protection against the invading Turks, who were successfully stopped in 1697.
the icon hasn’t shed tears since it was installed in the cathedral, many
miracles have been attributed to it, including Prince Eugene of Savoy’s victory
over the Turks at Zenta a few weeks after the icon was brought to St.
magnificent Baroque high altar took seven years to build (1641-1647) and was
designed by Tobias Pock using marble from Tyrol, Poland and Styria. The frieze
depicts the stoning of St. Stephen and is framed by figures of Sts. Sebastian,
Leopold, Rochus and Florian. A statue of the Blessed Virgin directs the viewer
to a depiction of heaven wherein Christ beckons to St. Stephen to join him.
cathedral’s pulpit is a beautiful example of Gothic sculpture and was designed
by Niclaes Gerhaert van Leyden. The pulpit gives the impression of a stone
flower with four petals. On each petal is a doctor of the Church (Sts. Jerome,
Ambrose, Augustine of Hippo and Gregory the Great). The handrail of the
stairway leading from ground level to the pulpit is decorated with lizards and
toads biting each other, symbolizing the eternal struggle between good and
evil. A little stone puppy looks down on the homilist protecting him from evil
influences and intruders. It is from this pulpit that St. John Capistrano
preached about a crusade in 1454 to hold back Muslim invaders.
are several chapels in St. Stephen’s, including St. Katherine’s at the base of
the south tower, which serves as a baptismal chapel. The 14-sided baptismal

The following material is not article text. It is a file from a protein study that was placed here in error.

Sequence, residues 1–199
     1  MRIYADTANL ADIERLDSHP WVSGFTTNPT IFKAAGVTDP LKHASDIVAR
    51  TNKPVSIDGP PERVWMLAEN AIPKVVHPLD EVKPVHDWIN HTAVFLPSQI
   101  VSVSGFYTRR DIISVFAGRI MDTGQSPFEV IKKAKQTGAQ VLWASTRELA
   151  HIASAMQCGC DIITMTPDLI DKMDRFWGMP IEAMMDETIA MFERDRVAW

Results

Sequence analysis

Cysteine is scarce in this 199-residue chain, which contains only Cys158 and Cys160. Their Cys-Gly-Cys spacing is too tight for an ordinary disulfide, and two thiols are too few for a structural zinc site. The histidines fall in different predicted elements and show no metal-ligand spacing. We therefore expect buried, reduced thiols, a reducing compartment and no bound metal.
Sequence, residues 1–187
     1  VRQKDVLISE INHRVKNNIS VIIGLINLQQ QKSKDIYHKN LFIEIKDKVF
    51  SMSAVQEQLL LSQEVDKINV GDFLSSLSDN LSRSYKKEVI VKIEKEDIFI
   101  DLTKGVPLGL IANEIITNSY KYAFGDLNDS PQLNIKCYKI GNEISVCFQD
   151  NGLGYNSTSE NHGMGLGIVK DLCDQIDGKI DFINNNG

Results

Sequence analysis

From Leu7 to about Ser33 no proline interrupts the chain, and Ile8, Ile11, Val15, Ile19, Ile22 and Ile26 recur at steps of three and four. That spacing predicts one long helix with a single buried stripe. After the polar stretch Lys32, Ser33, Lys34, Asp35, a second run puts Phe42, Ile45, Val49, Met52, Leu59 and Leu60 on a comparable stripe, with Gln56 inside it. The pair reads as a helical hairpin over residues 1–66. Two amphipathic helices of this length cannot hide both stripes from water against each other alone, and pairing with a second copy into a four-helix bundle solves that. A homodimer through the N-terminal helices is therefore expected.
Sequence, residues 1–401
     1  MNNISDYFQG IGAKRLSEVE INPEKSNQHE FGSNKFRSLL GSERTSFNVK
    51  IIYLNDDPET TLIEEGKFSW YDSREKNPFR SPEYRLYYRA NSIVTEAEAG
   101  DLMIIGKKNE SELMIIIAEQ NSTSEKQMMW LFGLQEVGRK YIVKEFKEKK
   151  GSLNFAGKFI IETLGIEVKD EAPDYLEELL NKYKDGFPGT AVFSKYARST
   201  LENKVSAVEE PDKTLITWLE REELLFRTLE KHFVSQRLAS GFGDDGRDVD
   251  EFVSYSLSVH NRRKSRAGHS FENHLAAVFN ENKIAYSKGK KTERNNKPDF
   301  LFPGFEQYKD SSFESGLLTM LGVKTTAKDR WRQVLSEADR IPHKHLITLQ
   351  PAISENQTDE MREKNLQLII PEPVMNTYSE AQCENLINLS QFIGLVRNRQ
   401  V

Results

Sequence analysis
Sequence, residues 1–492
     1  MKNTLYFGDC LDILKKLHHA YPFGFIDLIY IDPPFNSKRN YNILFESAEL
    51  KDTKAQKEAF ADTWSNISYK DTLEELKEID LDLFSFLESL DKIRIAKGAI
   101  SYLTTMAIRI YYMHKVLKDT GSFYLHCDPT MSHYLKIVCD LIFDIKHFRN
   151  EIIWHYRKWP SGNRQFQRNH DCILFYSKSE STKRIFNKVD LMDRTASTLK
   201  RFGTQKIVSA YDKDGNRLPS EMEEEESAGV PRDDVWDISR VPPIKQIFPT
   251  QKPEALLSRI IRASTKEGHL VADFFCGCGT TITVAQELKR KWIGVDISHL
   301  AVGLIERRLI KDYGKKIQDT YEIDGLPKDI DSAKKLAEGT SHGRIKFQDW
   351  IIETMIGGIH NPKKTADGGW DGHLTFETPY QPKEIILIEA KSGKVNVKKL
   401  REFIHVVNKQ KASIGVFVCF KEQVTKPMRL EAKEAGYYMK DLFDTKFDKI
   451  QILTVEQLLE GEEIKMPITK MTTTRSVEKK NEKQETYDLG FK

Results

font was completed in 1481 and depicts Christ, his apostles and St. Stephen.
St. Valentine’s relics are stored in a chapel dedicated to that saint.
Stephen’s is a jewel in the Church’s crown and offers a magnificent respite for
the weary pilgrim. Of all of the stops on my pilgrimage, this sacred site
offered me a remarkable insight into Christendom’s history. The cathedral, like
the Church herself, welcomes everyone into its gentle, peaceful embrace.
Angelo Stagnaro writes
from New York.
St. Stephen’s Cathedral
1010 Vienna, Austria
011-43 (513) 76-48
Planning Your Visit
Vienna has a temperate continental climate
affected by its alpine altitude. It has warm, sunny summers and cold winters
that can produce a great deal of snow. Thunderstorms are frequent during the
summer, and snowfall is common in winter. Spring, autumn and the beginning of
summer are perhaps the best times to travel to Vienna.
Mass on Sundays and public holidays is at
10:15 a.m. In July and August, it’s at 9:30 a.m.
Feast day Masses are at 11 a.m. on Dec. 26.
Subway lines U1 and U3 both go to